SPARKLE!* (2017/11/20)


TRIANGLE (2017/11/09)


written and drawn by Stanley Lieber

12 pgs.

cbz | pdf

ACTRON v3, ? (2017/09/19)

ACTRON v3, ?

written and drawn by Stanley Lieber

16 pgs.

cbz | pdf



by Stanley Lieber

30 September 2099

20:20:20 EDT

TAB2 sat in the house trailer and wondered why he had returned again to the only place where he had ever felt truly unlike himself. Who wrote this shit, anyway?

A quick sweep of the premises had yielded no comics or other items of interest. Switching to infrared: Same result. Why was he here?

This was not his home. Hadn’t even visited the place in years. When last he had bothered—the ninth grade?—Christopher had not even been home.

He rolled over on his pallet bed. Urine soaked trousers. Good thing he was alone. Stuck his leg out of his sleeping bag and felt for the gross carpeting of the living room floor.

It was there.

21:18:23 EDT















The black box attached to the inside of the front door emitted a long strip of white paper printed with an assortment of colored blocks. Also, sound. TAB2 listened politely for as long as he could muster before it was once again time to shut the box. He closed the lid carefully and sat quietly in the dark. Queasy.

His hands ached.

TBQH, all of him ached.

Flash on an image of his father being helped up, then down, the hospital hallway.


What was it Piro had said about these intrusive images? "Uriel was right," or something along those lines.


Well, he couldn’t remember.





21:35:24 EDT

Through the plastic window TAB2 stared at the horizon. The long, winding strip of colored blocks advanced, curling around his slippers, accumulating in tangles throughout the house trailer. Tom reached into his pocket and pulled out... There had been nothing in his pocket.

He poured a finger of RED KOOL-AID™ into his blue plastic tumbler and swallowed it in one gulp.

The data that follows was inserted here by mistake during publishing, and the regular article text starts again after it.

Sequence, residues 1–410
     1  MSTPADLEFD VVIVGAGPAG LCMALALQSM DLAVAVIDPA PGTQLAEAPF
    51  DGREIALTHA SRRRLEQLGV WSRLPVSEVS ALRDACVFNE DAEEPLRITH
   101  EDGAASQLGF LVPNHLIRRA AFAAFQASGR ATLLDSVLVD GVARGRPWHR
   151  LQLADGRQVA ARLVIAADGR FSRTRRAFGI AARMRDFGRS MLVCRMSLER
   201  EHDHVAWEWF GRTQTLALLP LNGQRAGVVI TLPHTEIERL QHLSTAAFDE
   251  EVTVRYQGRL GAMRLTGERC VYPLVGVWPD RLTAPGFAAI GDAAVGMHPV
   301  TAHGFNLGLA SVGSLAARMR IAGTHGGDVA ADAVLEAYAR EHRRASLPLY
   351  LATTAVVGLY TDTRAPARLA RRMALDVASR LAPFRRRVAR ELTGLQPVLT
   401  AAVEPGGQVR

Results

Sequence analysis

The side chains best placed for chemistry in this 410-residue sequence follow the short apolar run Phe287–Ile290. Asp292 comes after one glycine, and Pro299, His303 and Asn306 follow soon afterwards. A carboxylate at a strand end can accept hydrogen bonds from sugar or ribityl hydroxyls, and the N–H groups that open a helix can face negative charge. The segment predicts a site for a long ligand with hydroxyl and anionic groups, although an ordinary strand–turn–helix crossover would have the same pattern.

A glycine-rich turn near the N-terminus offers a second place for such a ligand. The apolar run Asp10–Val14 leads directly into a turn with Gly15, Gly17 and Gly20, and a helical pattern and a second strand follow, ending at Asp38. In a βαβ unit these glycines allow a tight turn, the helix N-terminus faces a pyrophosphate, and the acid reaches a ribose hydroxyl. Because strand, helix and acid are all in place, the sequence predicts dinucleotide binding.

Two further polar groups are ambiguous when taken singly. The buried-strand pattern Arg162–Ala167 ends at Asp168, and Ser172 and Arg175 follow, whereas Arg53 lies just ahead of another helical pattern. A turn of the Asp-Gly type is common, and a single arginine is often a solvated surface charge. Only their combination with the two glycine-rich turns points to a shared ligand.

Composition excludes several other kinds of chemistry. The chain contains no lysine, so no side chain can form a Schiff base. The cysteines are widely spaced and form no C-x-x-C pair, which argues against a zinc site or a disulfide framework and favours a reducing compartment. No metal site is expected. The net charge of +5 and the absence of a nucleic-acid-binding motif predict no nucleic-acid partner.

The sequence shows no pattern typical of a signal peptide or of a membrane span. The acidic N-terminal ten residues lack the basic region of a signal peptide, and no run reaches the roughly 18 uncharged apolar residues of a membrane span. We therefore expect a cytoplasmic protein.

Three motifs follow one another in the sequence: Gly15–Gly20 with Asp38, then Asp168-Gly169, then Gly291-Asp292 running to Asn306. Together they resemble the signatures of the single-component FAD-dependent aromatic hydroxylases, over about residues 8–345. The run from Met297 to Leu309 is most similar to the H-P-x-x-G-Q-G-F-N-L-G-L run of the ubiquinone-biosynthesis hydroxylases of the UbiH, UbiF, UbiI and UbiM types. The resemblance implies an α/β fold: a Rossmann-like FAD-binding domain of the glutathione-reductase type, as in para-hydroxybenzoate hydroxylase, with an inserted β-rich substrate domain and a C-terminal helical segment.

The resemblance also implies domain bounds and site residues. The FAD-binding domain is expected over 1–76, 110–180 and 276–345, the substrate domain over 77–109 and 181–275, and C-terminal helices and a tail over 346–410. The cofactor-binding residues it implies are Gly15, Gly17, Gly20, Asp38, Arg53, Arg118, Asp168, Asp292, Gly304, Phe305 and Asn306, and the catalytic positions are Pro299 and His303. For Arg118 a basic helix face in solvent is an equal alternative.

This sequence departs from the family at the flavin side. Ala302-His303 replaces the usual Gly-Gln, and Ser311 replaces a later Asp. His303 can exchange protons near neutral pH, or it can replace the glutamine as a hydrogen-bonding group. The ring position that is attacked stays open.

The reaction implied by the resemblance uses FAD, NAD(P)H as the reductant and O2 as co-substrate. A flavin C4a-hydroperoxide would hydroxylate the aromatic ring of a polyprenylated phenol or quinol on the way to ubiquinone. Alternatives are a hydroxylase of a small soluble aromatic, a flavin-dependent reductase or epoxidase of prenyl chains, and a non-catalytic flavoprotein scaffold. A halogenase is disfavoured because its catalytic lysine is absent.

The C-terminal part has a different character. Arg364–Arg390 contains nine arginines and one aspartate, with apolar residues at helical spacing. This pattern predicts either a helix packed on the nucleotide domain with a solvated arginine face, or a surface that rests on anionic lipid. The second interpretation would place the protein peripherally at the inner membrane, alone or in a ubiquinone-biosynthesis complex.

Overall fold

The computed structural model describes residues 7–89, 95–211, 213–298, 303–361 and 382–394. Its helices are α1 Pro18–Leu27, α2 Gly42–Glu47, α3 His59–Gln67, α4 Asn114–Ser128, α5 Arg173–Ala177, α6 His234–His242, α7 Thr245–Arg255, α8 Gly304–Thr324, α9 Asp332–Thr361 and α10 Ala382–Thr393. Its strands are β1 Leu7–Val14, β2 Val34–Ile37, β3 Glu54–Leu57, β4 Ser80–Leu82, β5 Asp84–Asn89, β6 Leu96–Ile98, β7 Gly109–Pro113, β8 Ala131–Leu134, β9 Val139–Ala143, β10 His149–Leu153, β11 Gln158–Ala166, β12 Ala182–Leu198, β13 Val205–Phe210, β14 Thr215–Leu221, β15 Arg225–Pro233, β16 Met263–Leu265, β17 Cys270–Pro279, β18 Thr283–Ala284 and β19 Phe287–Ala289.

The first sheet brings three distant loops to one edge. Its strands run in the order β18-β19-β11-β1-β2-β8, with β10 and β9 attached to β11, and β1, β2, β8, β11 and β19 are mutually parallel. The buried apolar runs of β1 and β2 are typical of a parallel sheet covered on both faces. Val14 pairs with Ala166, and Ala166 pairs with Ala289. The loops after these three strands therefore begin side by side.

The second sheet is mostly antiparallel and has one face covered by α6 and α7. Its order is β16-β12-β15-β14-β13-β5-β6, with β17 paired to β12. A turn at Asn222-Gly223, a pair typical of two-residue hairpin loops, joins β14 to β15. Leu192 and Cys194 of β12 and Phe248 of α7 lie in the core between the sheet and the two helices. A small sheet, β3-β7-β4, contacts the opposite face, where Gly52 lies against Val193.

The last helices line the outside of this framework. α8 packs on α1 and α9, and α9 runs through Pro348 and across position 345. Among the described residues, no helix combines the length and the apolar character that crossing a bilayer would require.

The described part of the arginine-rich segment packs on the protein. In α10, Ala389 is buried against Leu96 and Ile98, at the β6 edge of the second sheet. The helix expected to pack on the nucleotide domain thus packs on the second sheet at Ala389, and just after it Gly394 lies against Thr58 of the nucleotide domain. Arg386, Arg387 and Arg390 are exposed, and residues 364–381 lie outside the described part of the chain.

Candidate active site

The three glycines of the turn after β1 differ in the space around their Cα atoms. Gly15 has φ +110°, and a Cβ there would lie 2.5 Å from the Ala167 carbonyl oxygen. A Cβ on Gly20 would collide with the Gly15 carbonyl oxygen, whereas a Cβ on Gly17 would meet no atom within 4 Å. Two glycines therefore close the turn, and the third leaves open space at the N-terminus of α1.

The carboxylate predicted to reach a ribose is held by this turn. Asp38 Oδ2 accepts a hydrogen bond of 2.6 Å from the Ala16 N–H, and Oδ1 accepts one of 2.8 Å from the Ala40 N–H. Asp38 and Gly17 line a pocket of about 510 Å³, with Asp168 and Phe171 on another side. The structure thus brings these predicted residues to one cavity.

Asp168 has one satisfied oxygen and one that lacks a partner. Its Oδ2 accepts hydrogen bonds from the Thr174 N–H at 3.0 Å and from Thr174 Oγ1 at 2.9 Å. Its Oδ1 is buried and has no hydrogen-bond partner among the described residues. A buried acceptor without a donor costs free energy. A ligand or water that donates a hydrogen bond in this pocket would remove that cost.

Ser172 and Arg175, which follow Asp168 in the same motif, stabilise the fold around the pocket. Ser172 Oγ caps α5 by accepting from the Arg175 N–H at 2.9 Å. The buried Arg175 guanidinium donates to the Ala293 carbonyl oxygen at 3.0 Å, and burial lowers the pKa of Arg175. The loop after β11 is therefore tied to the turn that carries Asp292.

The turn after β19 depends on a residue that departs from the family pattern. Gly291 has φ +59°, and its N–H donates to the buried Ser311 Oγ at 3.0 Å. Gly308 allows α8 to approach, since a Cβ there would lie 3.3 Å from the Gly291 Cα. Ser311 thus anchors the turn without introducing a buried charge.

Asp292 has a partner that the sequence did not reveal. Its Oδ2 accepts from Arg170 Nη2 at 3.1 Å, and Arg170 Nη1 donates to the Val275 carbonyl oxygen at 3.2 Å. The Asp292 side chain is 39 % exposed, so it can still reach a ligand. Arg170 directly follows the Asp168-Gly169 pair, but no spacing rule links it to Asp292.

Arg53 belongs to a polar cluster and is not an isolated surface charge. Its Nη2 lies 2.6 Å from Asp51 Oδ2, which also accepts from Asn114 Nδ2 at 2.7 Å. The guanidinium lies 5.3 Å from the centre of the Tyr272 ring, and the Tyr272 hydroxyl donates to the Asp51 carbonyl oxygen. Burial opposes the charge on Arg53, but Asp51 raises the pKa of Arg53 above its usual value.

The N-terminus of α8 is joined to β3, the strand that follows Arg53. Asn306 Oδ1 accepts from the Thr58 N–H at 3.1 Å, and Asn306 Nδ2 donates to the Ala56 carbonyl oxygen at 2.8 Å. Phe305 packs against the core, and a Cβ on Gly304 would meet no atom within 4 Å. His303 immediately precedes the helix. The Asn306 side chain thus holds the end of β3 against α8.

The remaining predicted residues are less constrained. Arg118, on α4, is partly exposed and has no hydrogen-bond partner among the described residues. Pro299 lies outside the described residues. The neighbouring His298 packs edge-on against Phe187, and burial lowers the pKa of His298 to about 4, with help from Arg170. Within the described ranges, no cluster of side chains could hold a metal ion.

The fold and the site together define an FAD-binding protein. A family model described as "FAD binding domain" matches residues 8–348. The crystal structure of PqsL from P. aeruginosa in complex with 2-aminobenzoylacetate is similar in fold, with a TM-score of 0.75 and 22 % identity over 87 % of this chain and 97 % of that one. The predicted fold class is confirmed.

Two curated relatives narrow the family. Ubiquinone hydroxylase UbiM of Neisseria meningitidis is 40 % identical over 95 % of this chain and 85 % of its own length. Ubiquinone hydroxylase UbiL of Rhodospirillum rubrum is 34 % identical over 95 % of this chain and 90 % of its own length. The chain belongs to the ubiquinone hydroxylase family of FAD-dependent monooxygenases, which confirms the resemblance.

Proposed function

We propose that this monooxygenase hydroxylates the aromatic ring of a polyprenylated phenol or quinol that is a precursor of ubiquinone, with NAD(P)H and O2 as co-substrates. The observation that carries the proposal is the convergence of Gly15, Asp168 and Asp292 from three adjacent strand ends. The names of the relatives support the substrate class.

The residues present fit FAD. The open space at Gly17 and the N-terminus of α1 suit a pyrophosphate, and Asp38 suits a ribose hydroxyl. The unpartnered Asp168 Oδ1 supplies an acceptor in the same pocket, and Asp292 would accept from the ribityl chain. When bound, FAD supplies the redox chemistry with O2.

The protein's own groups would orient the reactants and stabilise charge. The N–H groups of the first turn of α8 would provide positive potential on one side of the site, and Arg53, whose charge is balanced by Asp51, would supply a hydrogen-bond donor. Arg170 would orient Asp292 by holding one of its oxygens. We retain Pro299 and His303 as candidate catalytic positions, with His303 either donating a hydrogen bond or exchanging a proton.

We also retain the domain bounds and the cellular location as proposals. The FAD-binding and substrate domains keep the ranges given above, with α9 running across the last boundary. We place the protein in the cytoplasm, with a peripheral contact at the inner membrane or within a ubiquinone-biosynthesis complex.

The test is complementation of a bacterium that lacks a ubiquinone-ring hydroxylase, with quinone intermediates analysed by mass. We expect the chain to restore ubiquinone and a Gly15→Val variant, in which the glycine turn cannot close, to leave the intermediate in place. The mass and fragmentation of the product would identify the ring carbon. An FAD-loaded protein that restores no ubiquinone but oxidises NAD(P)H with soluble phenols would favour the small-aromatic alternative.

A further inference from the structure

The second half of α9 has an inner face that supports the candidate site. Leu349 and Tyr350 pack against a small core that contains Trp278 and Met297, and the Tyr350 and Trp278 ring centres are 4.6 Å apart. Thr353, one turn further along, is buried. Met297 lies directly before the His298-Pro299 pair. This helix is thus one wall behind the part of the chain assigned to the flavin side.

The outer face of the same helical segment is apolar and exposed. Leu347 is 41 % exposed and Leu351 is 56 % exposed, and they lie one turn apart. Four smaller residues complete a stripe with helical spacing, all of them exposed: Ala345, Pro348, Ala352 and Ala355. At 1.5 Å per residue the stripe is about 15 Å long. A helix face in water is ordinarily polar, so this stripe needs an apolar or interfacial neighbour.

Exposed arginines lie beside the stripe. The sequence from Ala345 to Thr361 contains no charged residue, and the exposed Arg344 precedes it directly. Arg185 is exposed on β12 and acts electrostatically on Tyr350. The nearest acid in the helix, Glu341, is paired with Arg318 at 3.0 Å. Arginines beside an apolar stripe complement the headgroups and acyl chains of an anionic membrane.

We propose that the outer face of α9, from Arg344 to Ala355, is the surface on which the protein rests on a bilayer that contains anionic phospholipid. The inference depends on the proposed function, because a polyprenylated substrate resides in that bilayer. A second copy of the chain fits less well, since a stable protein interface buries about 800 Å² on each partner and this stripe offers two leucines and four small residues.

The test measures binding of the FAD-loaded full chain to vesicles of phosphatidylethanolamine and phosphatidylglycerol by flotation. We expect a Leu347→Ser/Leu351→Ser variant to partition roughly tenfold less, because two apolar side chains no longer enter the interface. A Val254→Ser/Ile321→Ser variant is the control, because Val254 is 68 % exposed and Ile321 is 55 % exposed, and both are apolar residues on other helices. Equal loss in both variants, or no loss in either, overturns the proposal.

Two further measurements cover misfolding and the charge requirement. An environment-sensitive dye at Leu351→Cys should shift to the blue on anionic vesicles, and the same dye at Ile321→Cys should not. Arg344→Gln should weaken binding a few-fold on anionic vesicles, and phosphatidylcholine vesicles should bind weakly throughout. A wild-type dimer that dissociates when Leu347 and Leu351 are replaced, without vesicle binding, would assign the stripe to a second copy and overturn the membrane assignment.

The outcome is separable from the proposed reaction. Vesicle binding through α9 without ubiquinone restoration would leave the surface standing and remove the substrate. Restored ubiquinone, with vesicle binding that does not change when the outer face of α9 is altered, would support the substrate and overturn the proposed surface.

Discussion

Along the wide horizon he sensed the approach of stiff, dark clouds.

"I can feel it die," he said to himself.

And then:

"Oo-o, Oo-o."

22:23:05 EDT

The gravel road stretched around the house trailer, curving gently into the wan light beyond the trees.

Eyes followed road. At the limits of his vision, just inside the horizon, he saw them.

One twister made of light too bright to look at directly. Beside it, seeming almost to be an after image of the first, a second twister, made of total darkness, nothing within it being discernible at all.

The two twisters were advancing toward the trailer.

23:07:09 EDT

Presently, the black box spoke to him audibly.





































The spiraling strip of paper continued to spool on the floor.

Came a knock at the door. Since no other human beings had fouled the Earth for some decades, the knocking could only have been caused by the wind. To wit: The apparently approaching twisters.

"It’s not even my trailer!" pleaded TAB2.

He grasped at his visor, his window to the world, panicking. Slapped at the black box until the lid once again closed.

Blessed silence.

But the problem remained. Not talking about it, not believing in it, had not made the problem go away.

"Magic without intentionality," he suggested, futilely.

He knew this was not going to work.

23:17:02 EDT

TAB2 approached the outsize projection television and switched on the attached SEGA MASTER SYSTEM™. He loaded a save state from a popular JRPG and wandered around the world map until he was killed by a (frankly) stupid looking monster.

Tossing the controller on the floor, he picked up the television’s remote control and attempted to—Right, no cable, no broadcasts.

At the window, the twisters had progressed on their journey down the road toward the trailer. Tom didn’t want to think about it, so he didn’t.

The house trailer rocked gently in the accelerating wind.

23:23:23 EDT

One day, Christopher’s cousin Jason had attempted to push the trailer over with his bare hands.

Standing in the unmowed grass wearing nothing but camouflage surplus trunks and a thick gold rope necklace, Jason had flexed his twelve-year-old muscles and pressed his hands against the side of the trailer until his face had turned red.

All assembled had laughed, as the trailer had not moved.

Jason had become angry, and the irregular corona of his curly brown hair had seemed to expand on his head.

Tom thought of this and smiled, uselessly.

23:59:59 EDT

The black box:





TAB2 was beside himself. There had not been enough warning. There would be no time to complete any of his several unfinished projects.

Additionally, the paperwork was going to be a nightmare. He found an ink pen on the kitchen table, clicked it once, then set it back down again. Swept his arm across the table, knocking the stacks of papers every which way on the kitchen floor. Fucking bureaucracy.

He glanced at the black box and then pressed his face against the plastic window, screaming forcefully, though no sound could escape from the tight seal formed by his lips. He pulled his face away from the window and stared at the ring of moisture abjured by his silent shout. The window seemed to be mocking him so he punched it, injuring his knuckle in the process. Even his invulnerability was no longer a certainty.